It’s up to you how far you go down the rabbit hole of peripheral systems; one NPC cheerfully reminds you not to worry too much – “You can still beat the game with minimal knowledge.” In many ways, this is Tactics 101, albeit with Disgaea’s unique spin. Laharl sums up the strategy succinctly in the tutorial – “So, the basic idea is to gang up on one character and beat the living daylights out of him, huh?” All the stats and mechanics are tempered with irreverent humour, and the soundtrack helps keep things light by flitting between carnival oom-pah, gothic grandeur and full-on butt rock. It sounds too eclectic to work, but it’s fantastic.

Everything's lovely and sharp, too. The original sprites look fabulous in their updated guise and there’s none of the customary image ‘softening’ on the handheld screen, although the environments and geometry betray the game’s PS2 roots. Shadows, if present, are rudimentary and a few textures seem to have escaped the up-res brush (Laharl’s coffin lid jumps out at you on the very first screen). Character movement is initially jarring, too – Laharl zips around the castle at an alarming pace which doesn’t match his leisurely walk animation. Little details constantly remind you of this game’s vintage.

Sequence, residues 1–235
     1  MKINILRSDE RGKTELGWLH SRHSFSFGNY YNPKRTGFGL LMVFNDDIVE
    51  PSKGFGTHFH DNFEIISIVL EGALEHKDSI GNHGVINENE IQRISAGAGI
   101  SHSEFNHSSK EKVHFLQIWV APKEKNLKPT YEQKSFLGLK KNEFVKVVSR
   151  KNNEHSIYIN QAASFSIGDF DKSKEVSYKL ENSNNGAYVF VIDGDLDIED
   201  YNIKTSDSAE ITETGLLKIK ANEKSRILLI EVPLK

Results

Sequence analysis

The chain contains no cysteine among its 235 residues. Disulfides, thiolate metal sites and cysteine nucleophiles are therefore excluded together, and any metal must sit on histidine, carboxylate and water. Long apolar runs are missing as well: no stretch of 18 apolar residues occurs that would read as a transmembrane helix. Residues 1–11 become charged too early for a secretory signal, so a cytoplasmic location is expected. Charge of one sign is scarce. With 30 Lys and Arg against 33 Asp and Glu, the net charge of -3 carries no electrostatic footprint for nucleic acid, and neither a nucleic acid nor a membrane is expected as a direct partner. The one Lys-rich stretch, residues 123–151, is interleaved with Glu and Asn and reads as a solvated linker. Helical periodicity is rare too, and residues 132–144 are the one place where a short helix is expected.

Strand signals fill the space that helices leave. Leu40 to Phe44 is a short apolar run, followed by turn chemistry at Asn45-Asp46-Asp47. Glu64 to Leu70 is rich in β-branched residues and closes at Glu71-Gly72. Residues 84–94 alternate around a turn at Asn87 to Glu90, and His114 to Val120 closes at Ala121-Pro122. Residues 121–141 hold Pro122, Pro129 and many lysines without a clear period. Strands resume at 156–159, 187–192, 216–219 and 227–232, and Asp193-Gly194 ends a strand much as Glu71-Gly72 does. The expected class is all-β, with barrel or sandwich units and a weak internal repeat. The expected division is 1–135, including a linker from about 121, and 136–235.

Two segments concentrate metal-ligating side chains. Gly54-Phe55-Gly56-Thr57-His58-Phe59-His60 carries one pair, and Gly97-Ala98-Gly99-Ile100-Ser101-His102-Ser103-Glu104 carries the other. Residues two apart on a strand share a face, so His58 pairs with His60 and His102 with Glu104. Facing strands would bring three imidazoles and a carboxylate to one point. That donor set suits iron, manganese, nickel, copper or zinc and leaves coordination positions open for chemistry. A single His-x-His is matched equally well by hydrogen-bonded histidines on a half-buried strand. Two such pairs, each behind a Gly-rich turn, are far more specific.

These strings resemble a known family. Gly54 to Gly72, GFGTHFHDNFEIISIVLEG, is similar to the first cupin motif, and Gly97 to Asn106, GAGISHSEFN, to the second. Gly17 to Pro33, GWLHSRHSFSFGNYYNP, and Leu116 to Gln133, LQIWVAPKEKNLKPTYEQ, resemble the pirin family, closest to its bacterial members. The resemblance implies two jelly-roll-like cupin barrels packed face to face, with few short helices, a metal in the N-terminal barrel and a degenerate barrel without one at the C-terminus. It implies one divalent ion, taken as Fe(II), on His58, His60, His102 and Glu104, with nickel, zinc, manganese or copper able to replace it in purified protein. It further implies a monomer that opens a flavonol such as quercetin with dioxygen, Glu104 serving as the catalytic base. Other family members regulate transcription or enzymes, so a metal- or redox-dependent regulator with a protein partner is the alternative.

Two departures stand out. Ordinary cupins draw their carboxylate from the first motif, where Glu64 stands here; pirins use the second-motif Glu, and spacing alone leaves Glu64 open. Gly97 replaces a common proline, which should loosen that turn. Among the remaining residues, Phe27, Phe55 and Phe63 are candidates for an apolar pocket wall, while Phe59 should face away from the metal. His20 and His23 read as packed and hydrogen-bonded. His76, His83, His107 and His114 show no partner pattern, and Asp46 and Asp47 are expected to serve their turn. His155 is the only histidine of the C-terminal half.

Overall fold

Remarkably, then, the base systems hold up just fine. Isometric-style battlefields are covered by a grid and navigated via an analogue-controlled cursor. You’re free to select combatants in any order and line up attacks across the board; however, they won’t act until you pull up the team menu with ‘X’ and select ‘Execute’. It’s up to you whether you attack one-by-one or queue every action and watch them play out at the end of your turn.

Lift and throw mechanics multiply the available options – some areas aren’t accessible without being thrown by a teammate. Prinnies (the cute penguin doods) explode when thrown but fear not; you won’t find any of that fashionable perma-death here. Characters downed (or sacrificed) in combat are easily revived at the Hospital back at the hub (remember to visit after every battle, though).